|Date and Place of Birth:||March 14, 1919 Benton Harbor, MI|
|Date and Place of Death:||December 4, 1942 near Buan, New Guinea (now Papua New Guinea)|
|Baseball Experience:||Semi-Pro House of David|
|Military Unit:||Anti-tank Company, 126th Infantry Regiment, 32nd Infantry Division US Army|
|Area Served:||Pacific Theater of Operations|
Wilbur Ueck was an outstanding young athlete who starred in baseball and basketball. The House of David centerfielder "would have made the majors" WWII not intervened.
Wilbur E. Ueck, the son of Richard and Minnie Ueck, was born on March
14, 1919. He attended Benton Harbor High School where he played
basketball and was a member of the tennis team. Following graduation in
1937, he was employed at the Remington Rand company and was on the
champion Remington Rand basketball team and also played on the company's
softball team. In 1938/39 he attended Western State College in
Kalamazoo, playing on the Piccadilly Inn city champion basketball team.
He was later employed at the Auto Specialties company in St. Joseph, and played basketball on their team. During the summer of 1940, he was with Eddie Deal’s House of David baseball team in Benton Harbor. Batting third and making some dazzling defensive plays in centerfield, Ueck helped the team clinch the Michigan League championship that season.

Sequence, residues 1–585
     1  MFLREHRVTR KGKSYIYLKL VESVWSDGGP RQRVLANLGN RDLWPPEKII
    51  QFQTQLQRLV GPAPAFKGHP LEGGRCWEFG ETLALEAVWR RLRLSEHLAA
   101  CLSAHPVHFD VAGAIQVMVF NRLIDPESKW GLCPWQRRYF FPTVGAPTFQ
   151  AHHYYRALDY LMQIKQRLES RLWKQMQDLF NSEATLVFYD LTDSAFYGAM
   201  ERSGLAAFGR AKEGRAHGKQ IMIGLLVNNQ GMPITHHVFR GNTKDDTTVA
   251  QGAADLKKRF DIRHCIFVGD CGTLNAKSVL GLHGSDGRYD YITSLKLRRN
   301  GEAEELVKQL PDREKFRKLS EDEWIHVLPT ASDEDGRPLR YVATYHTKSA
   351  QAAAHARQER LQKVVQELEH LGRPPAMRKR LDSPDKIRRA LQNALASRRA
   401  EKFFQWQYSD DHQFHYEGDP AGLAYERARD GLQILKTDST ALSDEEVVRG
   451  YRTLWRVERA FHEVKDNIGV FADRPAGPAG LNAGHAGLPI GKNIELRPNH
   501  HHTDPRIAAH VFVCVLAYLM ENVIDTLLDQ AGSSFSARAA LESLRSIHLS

Along with a number of his Benton Harbor buddies, Ueck had enlisted in the Army on April 22, 1940, so that summer with the House of David would be his last before being called for active service. He was sent to Camp Livingston, Louisiana, where he was assigned to the Anti-tank Company, 126th Infantry Regiment of the 32nd Infantry “Red Arrow” Division. During the first months of 1942, the division was sent to Boston to be shipped to Europe. While on the east coast, General Douglas MacArthur recalled the division to San Francisco, and from there it went to Australia to train for jungle warfare for six months.
The next stop for Corporal Ueck was New Guinea, where Australian forces were fighting the Japanese. Ueck was among the troops who made the difficult trek across the Kapa Kapa trail over the Owen Stanley Mountains in November 1942. The following month the 32nd Infantry Division was among the first US divisions to engage in a ground assault against the enemy in World War II, and Corporal Ueck was killed in action on December 4, 1942, near the village of Buna. One of his Benton Harbor buddies, Bert Agens, was also killed in action around the same time.
On July 15, 1948, funeral services were held for Wilbur Ueck, following the return of his body from New Guinea. The Reverand H. C. Haase of St. Matthew's Evangelical Lutheran church officiated and burial was made at the Lincoln Charter Township Cemetery in Stevensville, Michigan.
Reminiscing about the House of David team in the 1960s, manager Eddie Deal said Ueck "would have made the majors," had he not been killed.
Benton Harbor News-Palladium, May 31, 1940
Benton Harbor News-Palladium, July 29, 1940
Benton Harbor News-Palladium, January 25, 1943
Benton Harbor News-Palladium, July 16, 1948
Benton Harbor News-Palladium, July 18, 1962
Thanks to PJ Dragseth for bring Wilbur Ueck to my attention.
Date Added: December 27, 2014
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